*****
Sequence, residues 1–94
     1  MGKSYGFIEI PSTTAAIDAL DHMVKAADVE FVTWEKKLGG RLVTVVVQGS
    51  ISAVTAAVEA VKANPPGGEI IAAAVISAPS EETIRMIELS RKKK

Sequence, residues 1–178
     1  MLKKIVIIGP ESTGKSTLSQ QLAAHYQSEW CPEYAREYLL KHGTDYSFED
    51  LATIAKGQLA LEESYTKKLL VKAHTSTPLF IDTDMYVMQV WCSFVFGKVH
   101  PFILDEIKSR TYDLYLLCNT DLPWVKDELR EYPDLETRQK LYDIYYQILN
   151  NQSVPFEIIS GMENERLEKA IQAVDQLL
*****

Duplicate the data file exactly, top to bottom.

Sequence, residues 1–94
     1  MGKSYGFIEI PSTTAAIDAL DHMVKAADVE FVTWEKKLGG RLVTVVVQGS
    51  ISAVTAAVEA VKANPPGGEI IAAAVISAPS EETIRMIELS RKKK

Sequence, residues 1–178
     1  MLKKIVIIGP ESTGKSTLSQ QLAAHYQSEW CPEYAREYLL KHGTDYSFED
    51  LATIAKGQLA LEESYTKKLL VKAHTSTPLF IDTDMYVMQV WCSFVFGKVH
   101  PFILDEIKSR TYDLYLLCNT DLPWVKDELR EYPDLETRQK LYDIYYQILN
   151  NQSVPFEIIS GMENERLEKA IQAVDQLL